Los Angeles City Councilman Kevin De Leon announced Monday, Nov. 20, 2023, the opening of a business resource center to support victims of the Interstate 10 fire, which shut down one of the nation’s busiest freeways. Signs are posted to direct victims to resources. (Photo by Dean Musgrove, Los Angeles Daily News/SCNG)
Francisco Torres Sr., 69, who is semi-retired after two decades as a produce distributor, was planning to transfer some of his company’s equipment to his son’s business.
The plan was put on hold when a large warehouse fire broke out under the 10 Freeway in downtown Los Angeles. A truck, five forklifts and other equipment, according to the Torres family.
On Monday, November 20, the family opened a Temporary Business Assistance Center in Los Angeles to help businesses affected by the fire that closed the 10 Freeway for more than a week. The fire not only affected those whose businesses were physically burnt, but also caused damage to the companies who lost business when customers were left away from the area.
Francisco Torres Jr., whose father lost most of his investment in the fire, said he went to City Hall last week and made several calls, hoping to get information on what to do. But answers were hard to come by immediately after the fire.
“The week went on,” Torres Jr. described his family’s living nightmare after the Nov. 11 fire.
Jennifer Barraza, chief of staff to Los Angeles City Councilman Kevin De Leon, said Monday after city officials spoke with businesses affected by the fire, “Some businesses said they were losing up to $10,000 a day due to closures and traffic delays.”
Torres Jr. said his family is “grateful that this city can pull something like this together to help.”
The temporary Business Help Center at the Young Market Company in the city center opened on Monday and will be open on Tuesday from 10am to 4pm and next week the help center will be open on Monday and Tuesday from 8am to 2pm.
On the 1st day, more than 30 business owners dropped by the center, according to the workers there. Business owners affected by the fire and freeway closures can come in and get answers to their questions or get help filling out paperwork if they need more help.
The center is supported by funding from De Leon’s office. The council member represents Council District 14, which includes parts of downtown LA and Boyle Heights, two neighborhoods affected by the 10 Freeway closure.
“This closure has a significant impact on the hundreds of thousands of Southern California commuters who rely on this critical artery as we know it,” De Leon said at a news conference Monday morning. “We understand the frustrations and hardships our fellow Angelenos have faced — as well as the devastating … impact on local businesses.”
He added: “The closure has disrupted operations, impacted the livelihoods of business owners who are the heart and soul of our community and caused supply delays and are truly the backbone of our local economy.”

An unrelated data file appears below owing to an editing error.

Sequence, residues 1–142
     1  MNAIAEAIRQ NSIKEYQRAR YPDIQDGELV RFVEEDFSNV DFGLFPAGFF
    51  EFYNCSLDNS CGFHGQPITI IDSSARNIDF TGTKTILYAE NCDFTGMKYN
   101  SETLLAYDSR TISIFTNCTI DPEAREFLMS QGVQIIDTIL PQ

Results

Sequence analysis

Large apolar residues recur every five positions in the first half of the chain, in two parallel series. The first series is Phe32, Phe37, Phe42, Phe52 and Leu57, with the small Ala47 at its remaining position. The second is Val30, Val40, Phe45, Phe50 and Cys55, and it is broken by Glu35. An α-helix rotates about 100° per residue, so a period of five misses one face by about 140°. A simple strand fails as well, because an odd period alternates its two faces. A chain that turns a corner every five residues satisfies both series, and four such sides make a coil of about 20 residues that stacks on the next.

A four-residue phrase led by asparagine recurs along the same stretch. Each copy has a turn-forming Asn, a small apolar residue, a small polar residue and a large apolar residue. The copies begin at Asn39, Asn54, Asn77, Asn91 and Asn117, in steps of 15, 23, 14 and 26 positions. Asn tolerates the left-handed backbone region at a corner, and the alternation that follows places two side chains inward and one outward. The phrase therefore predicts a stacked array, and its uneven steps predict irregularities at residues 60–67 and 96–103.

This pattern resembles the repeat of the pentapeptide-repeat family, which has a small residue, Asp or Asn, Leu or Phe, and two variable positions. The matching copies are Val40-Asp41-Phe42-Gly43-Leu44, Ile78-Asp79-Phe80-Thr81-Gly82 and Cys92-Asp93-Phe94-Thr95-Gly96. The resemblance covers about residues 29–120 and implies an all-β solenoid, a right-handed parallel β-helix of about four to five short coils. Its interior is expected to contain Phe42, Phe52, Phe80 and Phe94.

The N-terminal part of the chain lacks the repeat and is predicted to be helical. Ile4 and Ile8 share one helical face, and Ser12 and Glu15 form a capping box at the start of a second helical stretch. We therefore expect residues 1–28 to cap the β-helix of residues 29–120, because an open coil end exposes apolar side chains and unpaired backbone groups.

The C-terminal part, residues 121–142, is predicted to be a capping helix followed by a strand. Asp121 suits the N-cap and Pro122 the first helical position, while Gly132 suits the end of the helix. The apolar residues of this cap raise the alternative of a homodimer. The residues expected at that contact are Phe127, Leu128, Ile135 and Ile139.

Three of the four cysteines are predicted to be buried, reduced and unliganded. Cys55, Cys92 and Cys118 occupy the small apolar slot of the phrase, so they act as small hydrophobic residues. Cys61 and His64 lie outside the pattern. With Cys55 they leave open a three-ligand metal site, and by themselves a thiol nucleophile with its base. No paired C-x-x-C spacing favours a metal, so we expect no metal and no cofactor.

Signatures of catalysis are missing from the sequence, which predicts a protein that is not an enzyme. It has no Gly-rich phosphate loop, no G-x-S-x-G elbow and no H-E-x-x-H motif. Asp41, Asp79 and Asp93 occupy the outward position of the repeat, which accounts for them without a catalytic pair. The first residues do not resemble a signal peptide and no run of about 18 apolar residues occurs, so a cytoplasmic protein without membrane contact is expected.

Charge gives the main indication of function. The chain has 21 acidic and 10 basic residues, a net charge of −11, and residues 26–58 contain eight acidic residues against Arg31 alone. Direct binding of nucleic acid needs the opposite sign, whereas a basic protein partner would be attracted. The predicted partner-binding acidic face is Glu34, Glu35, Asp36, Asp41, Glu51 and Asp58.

According to De Leon’s office, while the freeway will be open to motorists on Monday, some on-ramps and off-ramps will remain closed for now, meaning nearby businesses could be affected by additional loss of revenue.
The council member’s office has been working with Mayor Karen Bass’ office, city departments and the Downtown Industrial Business Improvement District to launch the resource center.
In addition to the temporary resource center, the mayor’s office announced last week that a small enterprise support program has been launched. Business owners can apply for up to $5,000 in grant money. They have until midnight on December 10 to apply.
Daniel O is a wholesaler of women’s clothing. His business, YS Collection, operated for 13 years near the site of the fire. He estimates he has lost about 70% of his regular business since the freeway closure.
“Customers stopped coming,” he said. “I have regular customers in the area who (usually) come every day. (They) stopped coming for about a week.”
Oh stopped by the aid center on Monday to seek financial assistance. He said that he has been instructed to upload some important documents and he is confident that the money will be delivered.
Barraza, De Leon’s chief of staff, city staff and nonprofit workers spent the weekend with representatives from various city and county offices, nonprofits and business groups visiting affected businesses to let owners know about the resource center. .
People received one-on-one counseling and information about resources available to businesses, as well as mental health services — and some had legal questions answered.
Baraza also said that business owners who may have trouble paying their bills due to a loss of income can talk to a representative of the city’s Water and Power Department, for example, to set up a payment plan.
“We’re creating that safety net for Angelenos to say, ‘Well, at least I can figure out how much it’s going to take,’ even though we know it’s been an unfortunate, terrible situation for Angelenos.” The next few weeks, the next few months to get back on my feet,” Barraza said.
Business Assistant Resource Center Tuesdays 10 a.m. to 4 p.m. at Young Market Company, 500 S. Central Ave. And next week it will be open Monday and Tuesday from 8am to 2pm.
Urban News Service reports.